ProxySQL has Galera …

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Scaling ProxySQL rapidly in Kubernetes

Editor’s Note: Because our bloggers have lots of useful tips, every now and then we update and bring forward a popular post from the past. Today’s post was originally published on November 26, 2019.

It’s not uncommon these days for us to use a high availability stack for MySQL consisting of Orchestrator, Consul and ProxySQL. You can read more details about this stack by reading Matthias Crauwels’ blog post How to Autoscale ProxySQL in the Cloud as well as Ivan Groenwold’s post on MySQL High Availability With ProxySQL, Consul and Orchestrator. The high-level concept is simply that Orchestrator will monitor the state of the MySQL replication topology and report changes to Consul which in turn can update ProxySQL hosts using …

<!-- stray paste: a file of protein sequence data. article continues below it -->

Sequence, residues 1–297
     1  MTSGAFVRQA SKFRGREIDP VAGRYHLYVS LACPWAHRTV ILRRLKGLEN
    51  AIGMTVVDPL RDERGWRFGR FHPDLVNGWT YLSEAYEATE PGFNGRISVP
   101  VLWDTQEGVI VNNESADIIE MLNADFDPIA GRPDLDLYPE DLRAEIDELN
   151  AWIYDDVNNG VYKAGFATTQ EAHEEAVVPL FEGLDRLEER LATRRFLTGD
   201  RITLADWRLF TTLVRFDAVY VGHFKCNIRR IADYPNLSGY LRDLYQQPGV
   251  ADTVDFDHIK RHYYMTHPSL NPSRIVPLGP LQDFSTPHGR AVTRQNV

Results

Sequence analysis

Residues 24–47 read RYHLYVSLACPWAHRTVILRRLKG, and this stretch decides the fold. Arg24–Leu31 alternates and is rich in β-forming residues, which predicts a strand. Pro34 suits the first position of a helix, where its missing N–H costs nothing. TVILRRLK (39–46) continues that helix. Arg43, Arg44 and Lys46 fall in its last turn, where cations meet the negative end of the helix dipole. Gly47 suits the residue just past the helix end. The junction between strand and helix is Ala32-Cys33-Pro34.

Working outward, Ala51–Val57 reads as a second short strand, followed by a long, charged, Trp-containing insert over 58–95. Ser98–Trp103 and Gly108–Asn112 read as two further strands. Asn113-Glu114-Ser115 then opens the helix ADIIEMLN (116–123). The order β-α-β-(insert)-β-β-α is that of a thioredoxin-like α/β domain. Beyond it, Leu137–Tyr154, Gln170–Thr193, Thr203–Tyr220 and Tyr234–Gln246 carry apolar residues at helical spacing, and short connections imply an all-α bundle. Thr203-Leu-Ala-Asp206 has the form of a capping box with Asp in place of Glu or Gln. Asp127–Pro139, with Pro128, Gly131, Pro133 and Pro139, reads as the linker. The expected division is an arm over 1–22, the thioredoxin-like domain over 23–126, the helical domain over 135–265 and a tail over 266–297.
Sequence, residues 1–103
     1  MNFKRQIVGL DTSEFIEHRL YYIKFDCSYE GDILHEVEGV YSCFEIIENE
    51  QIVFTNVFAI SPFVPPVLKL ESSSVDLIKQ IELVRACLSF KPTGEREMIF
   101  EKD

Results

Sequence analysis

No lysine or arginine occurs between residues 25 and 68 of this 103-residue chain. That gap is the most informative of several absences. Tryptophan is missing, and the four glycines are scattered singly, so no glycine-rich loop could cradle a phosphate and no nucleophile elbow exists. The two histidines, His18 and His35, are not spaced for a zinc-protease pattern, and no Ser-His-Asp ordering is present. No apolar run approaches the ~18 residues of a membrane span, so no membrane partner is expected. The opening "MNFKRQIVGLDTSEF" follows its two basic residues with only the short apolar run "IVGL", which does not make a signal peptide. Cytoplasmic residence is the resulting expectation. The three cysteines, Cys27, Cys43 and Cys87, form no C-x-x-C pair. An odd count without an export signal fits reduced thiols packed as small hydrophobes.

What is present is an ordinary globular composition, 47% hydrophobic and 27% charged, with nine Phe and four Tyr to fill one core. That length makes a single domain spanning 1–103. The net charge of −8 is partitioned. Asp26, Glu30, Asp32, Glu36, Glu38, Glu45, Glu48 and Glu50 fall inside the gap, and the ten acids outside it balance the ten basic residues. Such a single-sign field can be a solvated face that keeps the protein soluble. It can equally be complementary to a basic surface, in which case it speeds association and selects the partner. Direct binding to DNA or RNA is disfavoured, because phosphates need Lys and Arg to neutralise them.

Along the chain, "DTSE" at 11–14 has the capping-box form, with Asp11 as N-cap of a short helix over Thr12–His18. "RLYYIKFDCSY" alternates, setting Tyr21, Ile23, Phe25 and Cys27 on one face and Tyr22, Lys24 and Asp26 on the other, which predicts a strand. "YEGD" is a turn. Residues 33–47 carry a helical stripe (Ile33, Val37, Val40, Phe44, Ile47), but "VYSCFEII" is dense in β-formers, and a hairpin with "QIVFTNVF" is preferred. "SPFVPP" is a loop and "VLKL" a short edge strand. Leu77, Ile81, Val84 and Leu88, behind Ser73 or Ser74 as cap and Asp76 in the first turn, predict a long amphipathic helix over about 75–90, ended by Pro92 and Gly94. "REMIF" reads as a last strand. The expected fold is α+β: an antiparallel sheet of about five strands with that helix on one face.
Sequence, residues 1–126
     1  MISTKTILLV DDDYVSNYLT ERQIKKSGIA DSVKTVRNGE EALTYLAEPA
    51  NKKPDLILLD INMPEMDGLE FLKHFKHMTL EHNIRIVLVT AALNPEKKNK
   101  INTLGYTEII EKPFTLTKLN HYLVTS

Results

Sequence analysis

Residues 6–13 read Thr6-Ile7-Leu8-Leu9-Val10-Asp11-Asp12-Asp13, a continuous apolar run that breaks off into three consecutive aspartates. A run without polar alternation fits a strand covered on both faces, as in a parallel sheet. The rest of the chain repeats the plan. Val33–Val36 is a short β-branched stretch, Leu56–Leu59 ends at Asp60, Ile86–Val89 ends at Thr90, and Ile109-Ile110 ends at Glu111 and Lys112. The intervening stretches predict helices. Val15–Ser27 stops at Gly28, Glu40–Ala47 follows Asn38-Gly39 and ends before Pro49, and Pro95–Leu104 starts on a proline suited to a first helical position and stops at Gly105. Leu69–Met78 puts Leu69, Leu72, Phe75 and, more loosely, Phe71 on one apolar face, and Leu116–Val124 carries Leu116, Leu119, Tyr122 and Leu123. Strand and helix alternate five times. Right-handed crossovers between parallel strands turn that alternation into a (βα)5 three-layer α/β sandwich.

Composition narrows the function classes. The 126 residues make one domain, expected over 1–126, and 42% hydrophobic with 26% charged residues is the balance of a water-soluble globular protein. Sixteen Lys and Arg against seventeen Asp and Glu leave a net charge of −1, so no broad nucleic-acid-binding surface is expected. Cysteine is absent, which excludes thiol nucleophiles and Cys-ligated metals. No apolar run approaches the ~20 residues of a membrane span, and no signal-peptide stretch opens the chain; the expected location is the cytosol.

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Releasing ProxySQL 2.0.15

ProxySQL is proud to announce the latest release of ProxySQL version 2.0.15 on the 30th of October 2020

ProxySQL is a high performance, high availability, protocol aware proxy for MySQL, with a GPL license! It can be downloaded here or alternatively from the ProxySQL Repository, and freely usable and accessible according to the GNU GPL v3.0 license.

Release Overview Highlights

ProxySQL v2.0.15 is a patch release comprising of minor backward compatible changes and bug fixes.

The most interesting highlight of this release is the introduction of ARMv8 64-bit packages which have been compiled for CentOS-RHEL 7/8, Debian 9/10 and Ubuntu 18/20 as well as a Docker image available on our …

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ProxySQL Public Training Nov & Dec 2020

Take advantage of the last training classes for the year and level up your ProxySQL skills for 2021!

Our public ProxySQL Total Training spans two days and will help you learn how to use ProxySQL’s features effectively and to efficiently deal with real life events and emergency situations that may occur in your infrastructure. This is instructor-led (our trainers not only build, but actively maintain ProxySQL) and is also hands on, so you will have exercises to complete.